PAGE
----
What we think we spend each month is often way more once we look more closely at it.

We live in stressful times so accept that spending too much just happens sometimes. However, don’t let online shopping stop you achieving your financial goals.

Make a list of what you own, what you owe and what you spend.

Make sure you also look up things like your super balance, insurance cover, rent, loan repayments and any other outgoings.

It is important to know what coverage your insurances are giving you. A lot of people think income protection will protect you against unemployment but most often it will only cover illness.  Is the cover you currently have enough?  Particularly if your situation is only recent. Make yourself aware of all things.

What are your loan repayments? Do you know what the interest rates, fees and charges are on all your debts?

How much are you paying for utilities? Could you find a better deal elsewhere?

There’s nothing wrong with not knowing any of this before now. It’s time to step out of your comfort zone and take your finances by the horns.

Your day-to-day spending is where it all starts. You want to be in a position that you can clearly see what you have and what your basic expenses are.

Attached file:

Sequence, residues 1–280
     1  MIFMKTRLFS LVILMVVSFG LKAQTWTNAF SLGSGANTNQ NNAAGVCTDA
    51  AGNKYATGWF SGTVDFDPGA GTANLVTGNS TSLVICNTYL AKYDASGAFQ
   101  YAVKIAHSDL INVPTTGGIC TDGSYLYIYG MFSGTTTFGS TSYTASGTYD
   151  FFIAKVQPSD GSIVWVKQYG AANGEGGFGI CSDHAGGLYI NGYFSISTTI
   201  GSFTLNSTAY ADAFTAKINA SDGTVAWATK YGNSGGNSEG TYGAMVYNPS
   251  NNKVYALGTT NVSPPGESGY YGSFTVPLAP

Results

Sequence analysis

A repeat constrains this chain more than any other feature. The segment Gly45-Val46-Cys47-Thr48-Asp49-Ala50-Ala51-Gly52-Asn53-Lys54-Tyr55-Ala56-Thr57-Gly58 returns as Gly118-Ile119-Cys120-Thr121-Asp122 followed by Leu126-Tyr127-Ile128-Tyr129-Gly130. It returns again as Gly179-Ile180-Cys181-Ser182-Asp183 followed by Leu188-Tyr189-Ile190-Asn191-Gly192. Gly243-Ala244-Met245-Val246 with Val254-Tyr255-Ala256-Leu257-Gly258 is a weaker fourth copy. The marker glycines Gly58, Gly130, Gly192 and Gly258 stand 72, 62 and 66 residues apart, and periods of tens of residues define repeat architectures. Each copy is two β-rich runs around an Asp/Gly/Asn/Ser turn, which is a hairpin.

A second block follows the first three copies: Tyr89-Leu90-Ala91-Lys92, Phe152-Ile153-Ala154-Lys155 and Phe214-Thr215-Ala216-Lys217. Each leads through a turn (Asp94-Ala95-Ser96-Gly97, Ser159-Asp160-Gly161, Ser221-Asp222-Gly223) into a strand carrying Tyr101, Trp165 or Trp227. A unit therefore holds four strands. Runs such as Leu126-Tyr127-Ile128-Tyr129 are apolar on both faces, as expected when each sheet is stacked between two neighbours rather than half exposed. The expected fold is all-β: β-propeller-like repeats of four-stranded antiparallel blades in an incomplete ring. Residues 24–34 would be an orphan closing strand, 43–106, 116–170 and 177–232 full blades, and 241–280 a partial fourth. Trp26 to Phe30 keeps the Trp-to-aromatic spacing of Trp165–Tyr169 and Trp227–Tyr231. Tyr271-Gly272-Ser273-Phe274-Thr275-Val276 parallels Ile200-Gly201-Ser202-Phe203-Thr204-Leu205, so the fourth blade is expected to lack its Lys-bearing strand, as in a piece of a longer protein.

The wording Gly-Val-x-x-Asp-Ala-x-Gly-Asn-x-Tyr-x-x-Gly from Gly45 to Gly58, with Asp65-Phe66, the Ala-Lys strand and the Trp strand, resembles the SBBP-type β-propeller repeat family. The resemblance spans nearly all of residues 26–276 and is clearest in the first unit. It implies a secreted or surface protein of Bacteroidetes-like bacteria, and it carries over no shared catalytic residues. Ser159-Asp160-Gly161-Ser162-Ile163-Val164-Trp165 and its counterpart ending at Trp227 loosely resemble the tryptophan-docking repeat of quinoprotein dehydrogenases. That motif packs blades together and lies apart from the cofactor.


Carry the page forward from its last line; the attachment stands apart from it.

Once you have spent the time to go through your finances in detail, you should have a very clear idea of where and how you are spending your money.

STEP THREE: Work out your financial and life goals

A journey is pointless unless there is a destination. It’s time to write your wish list and look at what you want.

It’s time to live the life you choose and leave your fears at the door. It’s time to start living on your terms and chase what is important to you.

Money is your tool to get to where you want to go.

I like to think that budgets and diets are very similar. Being told to spend less is like being told to eat less and not fun for anyone. You need your financial journey to work for you and your lifestyle, so be realistic.

Now is the time to take a good look at your current spending and get rid of the things you don’t need. You may find it easier to track your spending through tracking apps, like The Wealth Tracker, which does the hard work for you.

Instead of making a budget and having to stick to it, it’s probably easier to know where you are spending your money and how you can cut back.

The next step to achieving your financial fitness goal is to work out what you want.

Do you want to buy a house? These are all achievable goals as long as you work out what steps you need to take to get there.